According to a statement from the U.S. Treasury Department, al-Zindani’s involvement with al-Qaeda includes recruiting, purchasing weapons and acting as a spiritual leader for the movement, as well as acting as a contact for Kurdish Iraq’s Ansar al-Islam. The Yemen government has ignored appeals from Washington for the arrest of the sheikh and the seizure of his assets (Arab News, February 24, 2006). Al-Zindani was recently identified in a U.S. federal court as the coordinator of the October 2000 suicide attack in Aden harbor on the USS Cole. A two and a half year-old lawsuit filed in Virginia by the families of the 17 servicemen killed in the bombing has recently finished by finding the country of Sudan responsible for the attack, opening the way for compensation payments from the US$68 million in Sudanese assets frozen by the U.S. government. The suit also alleged that al-Zindani selected the two suicide bombers that carried out the strike, although the sheikh was never charged by Yemeni authorities with complicity in the attack (The Virginian-Pilot, March 12). Yemen’s minister of foreign affairs, Dr. Abu Bakr al-Qirbi, welcomed the decision, ignoring the alleged role of al-Zindani, while declaring the verdict proof that Yemen was in no way involved in the attack on the U.S. destroyer.
Also, the Jeruslaem Post reported in April 2006 that Hamas leader Khaled Marshaal had met with Zindani at a fundraising event at the Hamas office in Yemen. The report stated that at the event, Zindani “praised Hamas suicide bombers and and called on his followers to donate money to assist the Palestinian people.”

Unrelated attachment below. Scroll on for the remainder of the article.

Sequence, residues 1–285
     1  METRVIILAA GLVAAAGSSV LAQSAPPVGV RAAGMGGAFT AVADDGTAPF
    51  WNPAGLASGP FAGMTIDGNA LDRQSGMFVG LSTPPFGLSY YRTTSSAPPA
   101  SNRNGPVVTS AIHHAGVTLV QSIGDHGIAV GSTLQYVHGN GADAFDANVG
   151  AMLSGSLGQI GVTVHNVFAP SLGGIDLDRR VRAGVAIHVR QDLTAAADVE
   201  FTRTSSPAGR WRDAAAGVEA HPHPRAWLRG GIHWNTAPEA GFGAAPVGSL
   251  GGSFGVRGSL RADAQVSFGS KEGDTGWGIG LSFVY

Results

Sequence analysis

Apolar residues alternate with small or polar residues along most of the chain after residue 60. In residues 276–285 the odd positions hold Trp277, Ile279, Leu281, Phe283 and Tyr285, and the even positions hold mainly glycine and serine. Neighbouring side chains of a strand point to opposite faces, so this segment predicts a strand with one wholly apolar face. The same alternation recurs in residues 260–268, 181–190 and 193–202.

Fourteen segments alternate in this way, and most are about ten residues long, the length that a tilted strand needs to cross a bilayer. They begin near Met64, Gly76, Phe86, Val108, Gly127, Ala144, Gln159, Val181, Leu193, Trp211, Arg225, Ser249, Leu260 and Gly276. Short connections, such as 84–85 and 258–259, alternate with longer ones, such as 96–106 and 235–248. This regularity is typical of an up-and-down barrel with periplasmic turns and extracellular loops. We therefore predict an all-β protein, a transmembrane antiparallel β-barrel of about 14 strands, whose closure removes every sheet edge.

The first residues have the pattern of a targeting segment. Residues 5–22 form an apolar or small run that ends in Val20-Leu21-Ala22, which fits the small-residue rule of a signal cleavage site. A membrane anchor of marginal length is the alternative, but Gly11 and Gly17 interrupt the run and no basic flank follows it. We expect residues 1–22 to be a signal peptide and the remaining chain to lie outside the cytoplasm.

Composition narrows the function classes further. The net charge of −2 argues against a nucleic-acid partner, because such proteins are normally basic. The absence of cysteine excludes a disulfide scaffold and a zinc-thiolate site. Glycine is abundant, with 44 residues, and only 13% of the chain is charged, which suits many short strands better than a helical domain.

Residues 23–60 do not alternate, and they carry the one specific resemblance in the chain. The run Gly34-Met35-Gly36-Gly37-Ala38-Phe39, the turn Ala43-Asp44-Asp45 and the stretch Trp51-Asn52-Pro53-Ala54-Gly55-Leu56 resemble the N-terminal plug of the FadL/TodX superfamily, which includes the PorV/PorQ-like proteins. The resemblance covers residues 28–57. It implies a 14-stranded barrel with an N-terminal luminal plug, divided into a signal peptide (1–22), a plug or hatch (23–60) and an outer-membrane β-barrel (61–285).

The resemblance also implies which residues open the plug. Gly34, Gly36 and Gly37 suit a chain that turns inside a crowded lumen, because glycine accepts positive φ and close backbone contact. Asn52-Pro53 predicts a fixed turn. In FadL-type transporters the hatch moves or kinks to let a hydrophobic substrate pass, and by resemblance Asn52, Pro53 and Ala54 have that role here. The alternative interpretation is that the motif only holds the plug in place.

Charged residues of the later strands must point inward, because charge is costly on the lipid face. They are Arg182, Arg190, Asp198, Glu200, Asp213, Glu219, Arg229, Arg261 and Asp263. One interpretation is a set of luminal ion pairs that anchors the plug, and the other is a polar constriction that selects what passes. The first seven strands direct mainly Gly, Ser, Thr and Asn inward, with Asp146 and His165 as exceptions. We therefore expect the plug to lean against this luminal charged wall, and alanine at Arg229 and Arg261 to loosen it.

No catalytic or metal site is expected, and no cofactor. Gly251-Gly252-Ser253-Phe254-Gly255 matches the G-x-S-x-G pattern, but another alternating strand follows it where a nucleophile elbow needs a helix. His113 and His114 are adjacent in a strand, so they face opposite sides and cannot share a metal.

In addition to his leadership of the Yemeni Muslim Brotherhood, Zindani also has strong links to the global Muslim Brotherhood including serving on the board of global Muslim Brotherhood leader Youssef Qaradawi’s Union of Good Hamas fund-raising organization and his relationship to Muslim Brotherhood figure Zaghloul el-Naggar of Egypt. The connection with el-Naggar is based on both men’s position as leading exponents of the so-called “scientific basis of Islam.” As the Jamestown report explains:
Al-Zindani is also a leading exponent of the scientific basis for Islam, as outlined in various passages of the Quran that the sheikh interprets as descriptions of everything from black holes to photosynthesis. Last December, al-Zindani, a former pharmacist, claimed to have developed a cure for HIV/AIDS. Unlike other HIV/AIDS medicines, the sheikh’s discovery allegedly has no side effects while eliminating the disease in men, women and even fetuses. Al-Zindani asserts that he will reveal the herbal formula for “Eajaz-3” once a copyright has been obtained. Although the sheikh claims the inspiration of his creation “came from God,” no proof of the cure’s effectiveness has yet been presented (Yemen Observer, December 19, 2006). In the last few months, five Libyan children receiving treatment for HIV at al-Zindani’s al-Iman University have been deported in response to allegations of Libyan assistance to Shiite rebels in Yemen’s Sa’ada province (Yemen Observer, March 6; Terrorism Focus, February 20).
Although the Jamestown report says that Zindani “has lately made a slight retreat from the Islamist global arena”, his activities represent one of the challenges to the notion that there is some kind of “firewall” between the Muslim Brotherhood and Al-Qaeda/and or jihadist organizations.